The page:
Two things true

I saw a guy on Monday that I went on a date with once. It was one of those whimsical dates. We had fish by the sea. It felt like coming home a little bit. I think the world was trying to introduce me to something for which I wasn’t ready yet. Looking back, that date, more than the others, prepared me for Anja. Looking back through butterfly effect glasses, it might as well have been him.

Yesterday wasn’t a great day. They say recovery is a habit and it is. I was feeling quite low about myself. One hour at my friend’s citizenship party and I’d call it a night. Tomorrow would be full of things, too. Then he arrived. Like an old friend entering the scene.

As soon as I head over, we hug, and he begins telling me that he talks about me when he’s teaching storytelling, on an almost weekly basis, eight years on. “It’s when I begin to talk about tension-building” he says, and I laugh loudly, after which he eyebrows “you know what moment I’m talking about, right?” I say yes but I don’t. Back then, I was too drunk to really remember anything with accuracy.

He turns towards to his friends and continues. “I lean in to kiss her, but she rejects me. And I’m so nervous, thinking ‘gosh, did I really misread all the signs?!'” Apparently, then I said these words, which…:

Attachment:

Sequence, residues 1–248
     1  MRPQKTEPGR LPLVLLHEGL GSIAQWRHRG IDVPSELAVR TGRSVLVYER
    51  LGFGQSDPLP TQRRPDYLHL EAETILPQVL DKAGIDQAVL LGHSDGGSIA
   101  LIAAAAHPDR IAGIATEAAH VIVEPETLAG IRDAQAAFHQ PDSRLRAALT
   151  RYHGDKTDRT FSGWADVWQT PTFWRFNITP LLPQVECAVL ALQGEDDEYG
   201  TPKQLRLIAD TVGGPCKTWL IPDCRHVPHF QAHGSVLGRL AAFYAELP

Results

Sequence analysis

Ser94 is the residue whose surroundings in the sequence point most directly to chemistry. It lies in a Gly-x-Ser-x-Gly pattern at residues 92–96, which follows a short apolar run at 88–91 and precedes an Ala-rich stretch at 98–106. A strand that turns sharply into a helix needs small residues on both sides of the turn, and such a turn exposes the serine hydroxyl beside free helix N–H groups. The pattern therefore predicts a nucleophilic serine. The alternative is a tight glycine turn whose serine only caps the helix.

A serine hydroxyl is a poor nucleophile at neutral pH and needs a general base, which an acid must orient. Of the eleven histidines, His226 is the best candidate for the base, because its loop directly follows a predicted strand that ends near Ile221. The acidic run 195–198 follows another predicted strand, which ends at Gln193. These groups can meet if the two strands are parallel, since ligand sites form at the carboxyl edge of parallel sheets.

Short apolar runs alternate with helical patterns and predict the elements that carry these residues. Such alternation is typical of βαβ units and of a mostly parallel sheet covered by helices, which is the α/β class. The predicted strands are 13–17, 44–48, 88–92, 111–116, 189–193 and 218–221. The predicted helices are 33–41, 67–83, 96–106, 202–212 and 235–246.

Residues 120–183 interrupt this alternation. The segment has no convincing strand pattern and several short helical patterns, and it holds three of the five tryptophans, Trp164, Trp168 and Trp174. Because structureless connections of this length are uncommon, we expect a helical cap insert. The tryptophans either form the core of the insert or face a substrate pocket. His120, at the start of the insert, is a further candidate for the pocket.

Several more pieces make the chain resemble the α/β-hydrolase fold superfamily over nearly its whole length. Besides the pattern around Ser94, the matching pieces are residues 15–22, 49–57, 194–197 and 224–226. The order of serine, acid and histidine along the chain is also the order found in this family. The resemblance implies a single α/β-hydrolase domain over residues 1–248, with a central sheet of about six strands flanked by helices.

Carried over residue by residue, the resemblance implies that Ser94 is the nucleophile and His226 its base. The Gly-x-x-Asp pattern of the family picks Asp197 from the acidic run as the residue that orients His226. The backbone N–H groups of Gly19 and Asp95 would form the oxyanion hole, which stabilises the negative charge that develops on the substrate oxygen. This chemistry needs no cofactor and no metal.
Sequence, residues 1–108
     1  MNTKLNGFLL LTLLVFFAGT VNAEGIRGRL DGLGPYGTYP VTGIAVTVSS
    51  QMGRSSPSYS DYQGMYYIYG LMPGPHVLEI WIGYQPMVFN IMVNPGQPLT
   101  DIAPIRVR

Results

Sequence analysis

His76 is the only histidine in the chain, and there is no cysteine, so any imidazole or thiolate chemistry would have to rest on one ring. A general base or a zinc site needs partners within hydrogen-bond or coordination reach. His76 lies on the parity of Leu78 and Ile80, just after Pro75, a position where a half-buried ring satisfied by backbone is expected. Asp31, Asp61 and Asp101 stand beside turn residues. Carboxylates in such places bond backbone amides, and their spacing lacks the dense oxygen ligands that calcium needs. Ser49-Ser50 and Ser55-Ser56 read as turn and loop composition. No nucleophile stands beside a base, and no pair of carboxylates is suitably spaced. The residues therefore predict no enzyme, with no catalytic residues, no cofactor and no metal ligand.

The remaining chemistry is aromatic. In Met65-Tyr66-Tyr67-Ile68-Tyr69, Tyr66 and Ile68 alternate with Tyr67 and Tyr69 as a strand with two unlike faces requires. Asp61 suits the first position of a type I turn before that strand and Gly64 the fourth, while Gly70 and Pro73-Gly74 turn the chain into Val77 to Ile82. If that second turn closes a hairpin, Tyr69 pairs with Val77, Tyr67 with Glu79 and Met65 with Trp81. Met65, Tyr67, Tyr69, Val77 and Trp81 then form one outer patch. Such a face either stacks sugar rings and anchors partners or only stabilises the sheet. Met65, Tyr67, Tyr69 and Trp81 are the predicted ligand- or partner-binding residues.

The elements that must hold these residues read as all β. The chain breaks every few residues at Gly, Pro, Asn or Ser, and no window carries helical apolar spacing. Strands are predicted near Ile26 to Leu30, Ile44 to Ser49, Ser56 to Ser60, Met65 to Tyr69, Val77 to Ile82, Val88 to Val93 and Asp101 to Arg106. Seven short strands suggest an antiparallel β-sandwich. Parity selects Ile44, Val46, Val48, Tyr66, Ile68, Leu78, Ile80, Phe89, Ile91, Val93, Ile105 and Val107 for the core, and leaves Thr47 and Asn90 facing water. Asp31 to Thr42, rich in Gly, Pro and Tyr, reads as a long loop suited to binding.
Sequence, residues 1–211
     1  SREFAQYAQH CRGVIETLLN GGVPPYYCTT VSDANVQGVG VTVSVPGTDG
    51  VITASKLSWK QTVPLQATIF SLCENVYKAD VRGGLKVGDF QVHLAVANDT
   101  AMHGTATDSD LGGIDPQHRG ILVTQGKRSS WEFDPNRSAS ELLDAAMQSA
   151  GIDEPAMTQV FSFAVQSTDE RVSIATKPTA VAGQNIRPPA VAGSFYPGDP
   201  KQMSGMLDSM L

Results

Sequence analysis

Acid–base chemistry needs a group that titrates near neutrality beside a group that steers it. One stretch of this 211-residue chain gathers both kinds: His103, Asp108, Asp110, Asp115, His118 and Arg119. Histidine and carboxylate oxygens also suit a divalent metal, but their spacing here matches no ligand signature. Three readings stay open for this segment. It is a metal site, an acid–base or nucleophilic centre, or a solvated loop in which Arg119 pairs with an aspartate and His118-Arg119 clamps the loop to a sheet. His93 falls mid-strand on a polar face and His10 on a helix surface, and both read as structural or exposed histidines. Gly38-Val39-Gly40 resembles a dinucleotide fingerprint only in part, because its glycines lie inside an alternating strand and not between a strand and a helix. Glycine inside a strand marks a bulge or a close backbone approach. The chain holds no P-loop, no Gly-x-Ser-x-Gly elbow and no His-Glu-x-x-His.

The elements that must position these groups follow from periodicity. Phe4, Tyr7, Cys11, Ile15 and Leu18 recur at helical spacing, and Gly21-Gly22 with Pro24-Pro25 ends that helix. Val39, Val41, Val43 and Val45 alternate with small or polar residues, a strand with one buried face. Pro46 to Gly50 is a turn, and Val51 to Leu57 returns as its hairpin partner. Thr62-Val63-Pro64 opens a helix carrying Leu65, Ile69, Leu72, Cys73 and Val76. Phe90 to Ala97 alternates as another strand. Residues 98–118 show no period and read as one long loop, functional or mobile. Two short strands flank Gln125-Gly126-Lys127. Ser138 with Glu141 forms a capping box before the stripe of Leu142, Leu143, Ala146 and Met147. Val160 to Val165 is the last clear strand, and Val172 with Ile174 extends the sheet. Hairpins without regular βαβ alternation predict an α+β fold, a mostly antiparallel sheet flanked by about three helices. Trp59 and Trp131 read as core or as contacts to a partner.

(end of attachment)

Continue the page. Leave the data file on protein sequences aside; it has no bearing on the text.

Wait. This is the last moment that you and I have never kissed.

As he was telling this story, my entire body lit up. Partially turned on, but predominantly struck with delight. Who is that person? Can I have her number? Oh hold on, he’s talking about me.

Two things can be true at once, and for a moment, my experience of myself felt finely in balance. The universe can hold me as the asshole I see in myself, but also as the person whose butterfly wings can make a small change.

I spent the rest of the evening meeting kind strangers. White cis gay men who wanted to join the queer meetup I run, where my friend and I met. Kinfolk, effortlessly introduced as we blew Cat whispers at each other.

My friend looked stunning. An impeccable sense of style, a smile larger than the world, a citizenship bigger than we’d ever ask of him. I knew he was suspended mid-air in all sorts of areas of his life, but, looking at him, I suspected he had arrived somewhere long before any of us ever would.

Today, grabbing coffee in the neighborhood, I meet an acquaintance who’s on sabbatical until the end of the year, spending his time taking action lessons, storytelling workshops. I ask him if he has ever heard of the girl who almost rejected a kiss by the sea and he bursts out laughing.

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